We are here on a week-long trade mission to Korea as we continue to strengthen the partnership between our two regions.

I’d like to recognize my beautiful wife, Yumi—Maryland’s First Lady—who grew up here in Korea.

Yumi is proud of her Korean heritage and she does a great job representing the people of Maryland and the United States of America.

I’m proud to be called a ‘hanguk sahwi,’ a son-in-law of Korea.

We are grateful for this opportunity to join with so many distinguished leaders who share the same goal of a more peaceful and prosperous future for all. Jeju truly is a global symbol of peace and prosperity.

In 1991, South Korean President Roh Tae-Woo invited Soviet leader Mikhail Gorbachev for an historic and meaningful summit here. He was the first Soviet leader to visit South Korea.

Just a few years prior, such a meeting would have been unthinkable.

In the 1970s and 1980s, the Soviet Union was on the march, violently occupying Afghanistan, and shooting down a Korean airplane, tragically killing 269 innocent people.

The threat of nuclear conflict was real. Some wondered whether the free world had perhaps seen its moment in the sun.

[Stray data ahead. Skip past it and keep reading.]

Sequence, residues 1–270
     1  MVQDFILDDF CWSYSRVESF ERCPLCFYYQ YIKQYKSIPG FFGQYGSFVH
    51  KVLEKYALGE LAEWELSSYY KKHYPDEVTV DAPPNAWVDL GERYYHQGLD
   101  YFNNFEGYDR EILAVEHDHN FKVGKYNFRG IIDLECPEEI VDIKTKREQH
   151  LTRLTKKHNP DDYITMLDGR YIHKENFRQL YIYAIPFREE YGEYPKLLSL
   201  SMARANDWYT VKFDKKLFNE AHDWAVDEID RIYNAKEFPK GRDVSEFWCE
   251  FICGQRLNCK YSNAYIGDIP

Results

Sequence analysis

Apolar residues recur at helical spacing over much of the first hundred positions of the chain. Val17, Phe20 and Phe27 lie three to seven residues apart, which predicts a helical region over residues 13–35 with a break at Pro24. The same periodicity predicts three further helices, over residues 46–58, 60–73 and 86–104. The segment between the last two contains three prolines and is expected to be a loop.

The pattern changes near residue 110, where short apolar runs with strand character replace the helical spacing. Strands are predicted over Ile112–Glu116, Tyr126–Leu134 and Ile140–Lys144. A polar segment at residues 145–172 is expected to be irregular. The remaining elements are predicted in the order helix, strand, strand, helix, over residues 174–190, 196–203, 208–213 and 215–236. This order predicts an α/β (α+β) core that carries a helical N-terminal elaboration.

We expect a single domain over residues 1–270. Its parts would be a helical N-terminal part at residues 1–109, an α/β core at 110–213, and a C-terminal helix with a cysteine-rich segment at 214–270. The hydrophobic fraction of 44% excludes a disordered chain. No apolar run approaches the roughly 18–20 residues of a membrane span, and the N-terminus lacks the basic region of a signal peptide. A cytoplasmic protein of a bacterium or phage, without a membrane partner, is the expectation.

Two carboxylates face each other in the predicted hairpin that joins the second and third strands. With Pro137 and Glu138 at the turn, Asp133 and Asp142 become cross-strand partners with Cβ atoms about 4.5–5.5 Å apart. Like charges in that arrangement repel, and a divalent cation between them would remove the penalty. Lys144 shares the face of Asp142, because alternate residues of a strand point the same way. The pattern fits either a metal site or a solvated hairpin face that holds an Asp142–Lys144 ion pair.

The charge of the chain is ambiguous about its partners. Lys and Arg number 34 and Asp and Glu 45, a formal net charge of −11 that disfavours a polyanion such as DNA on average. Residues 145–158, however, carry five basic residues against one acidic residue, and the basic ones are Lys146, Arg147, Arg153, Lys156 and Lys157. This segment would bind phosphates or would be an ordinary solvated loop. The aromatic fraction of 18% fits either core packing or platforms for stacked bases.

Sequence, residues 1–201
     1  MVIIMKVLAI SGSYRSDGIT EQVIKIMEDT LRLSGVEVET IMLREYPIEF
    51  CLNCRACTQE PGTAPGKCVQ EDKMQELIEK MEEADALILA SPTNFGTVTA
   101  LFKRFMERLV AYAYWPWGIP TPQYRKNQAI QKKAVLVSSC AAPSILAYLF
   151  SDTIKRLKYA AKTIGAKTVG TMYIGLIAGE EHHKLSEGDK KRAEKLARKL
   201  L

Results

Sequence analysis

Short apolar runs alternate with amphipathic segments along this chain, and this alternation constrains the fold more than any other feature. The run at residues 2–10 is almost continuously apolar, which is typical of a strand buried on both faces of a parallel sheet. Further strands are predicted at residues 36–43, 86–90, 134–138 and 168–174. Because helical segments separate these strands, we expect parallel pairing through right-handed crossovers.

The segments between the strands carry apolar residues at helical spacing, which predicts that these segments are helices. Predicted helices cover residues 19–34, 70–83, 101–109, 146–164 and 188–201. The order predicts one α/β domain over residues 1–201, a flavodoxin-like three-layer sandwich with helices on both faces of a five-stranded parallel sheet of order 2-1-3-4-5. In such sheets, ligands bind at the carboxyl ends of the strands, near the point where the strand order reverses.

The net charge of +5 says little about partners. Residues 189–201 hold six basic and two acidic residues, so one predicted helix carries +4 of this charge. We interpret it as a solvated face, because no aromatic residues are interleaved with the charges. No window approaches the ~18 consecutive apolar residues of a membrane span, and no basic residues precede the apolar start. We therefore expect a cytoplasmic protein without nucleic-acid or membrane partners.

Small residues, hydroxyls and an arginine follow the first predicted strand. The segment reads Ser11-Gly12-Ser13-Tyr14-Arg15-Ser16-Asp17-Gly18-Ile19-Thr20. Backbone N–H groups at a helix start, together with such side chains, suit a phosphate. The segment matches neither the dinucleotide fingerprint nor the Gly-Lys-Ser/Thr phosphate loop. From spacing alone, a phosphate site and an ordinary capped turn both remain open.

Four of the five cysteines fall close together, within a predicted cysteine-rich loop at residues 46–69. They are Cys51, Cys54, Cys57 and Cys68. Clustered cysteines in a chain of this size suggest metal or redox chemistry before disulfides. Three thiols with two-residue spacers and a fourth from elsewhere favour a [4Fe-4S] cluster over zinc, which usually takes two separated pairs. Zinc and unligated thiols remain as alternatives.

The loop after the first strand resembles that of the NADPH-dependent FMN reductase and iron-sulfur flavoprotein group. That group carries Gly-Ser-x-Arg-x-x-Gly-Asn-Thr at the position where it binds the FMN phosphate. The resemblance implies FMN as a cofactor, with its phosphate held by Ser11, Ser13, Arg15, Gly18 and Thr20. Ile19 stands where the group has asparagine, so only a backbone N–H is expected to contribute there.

At that time, I was working for Ronald Reagan’s campaign for president. Reagan strongly rejected the pessimism that had infected our politics. He believed in the power of a determined and confident free people.

He called on the free world to “not just contain communism,” but to “transcend communism” with “a crusade for freedom that will engage the faith and fortitude of the next generation.”

Reagan said, “for the sake of peace and justice, let us move toward a world in which all people are at least free to determine their destiny.”

He worked with America’s allies to push back on the rising tide of communism and to put the Soviet Union on its heels.

Reagan secured peace through strength working with Mikhail Gorbachev to end the Cold War without a shot being fired.

In a Nobel lecture, Gorbachev described what he and Ronald Reagan knew, but what few others understood.

Gorbachev said: “To a casual observer the Soviet Union seemed to present a picture of relative well-being, stability and order. The misinformed society under the spell of propaganda was hardly aware of what was going on and what the immediate future had in store for it.”

Today, we are once again at such a pivotal moment in world history.

Russia has invaded a peaceful neighbor in Ukraine. North Korea and Iran are emerging nuclear powers and reckless aggressors.

China threatens Taiwan and seeks to dominate Asia and the world. Many are concerned about whether the free world still has the will to lead.

To those who again doubt the free world, I would say, do not bet against freedom and democracy.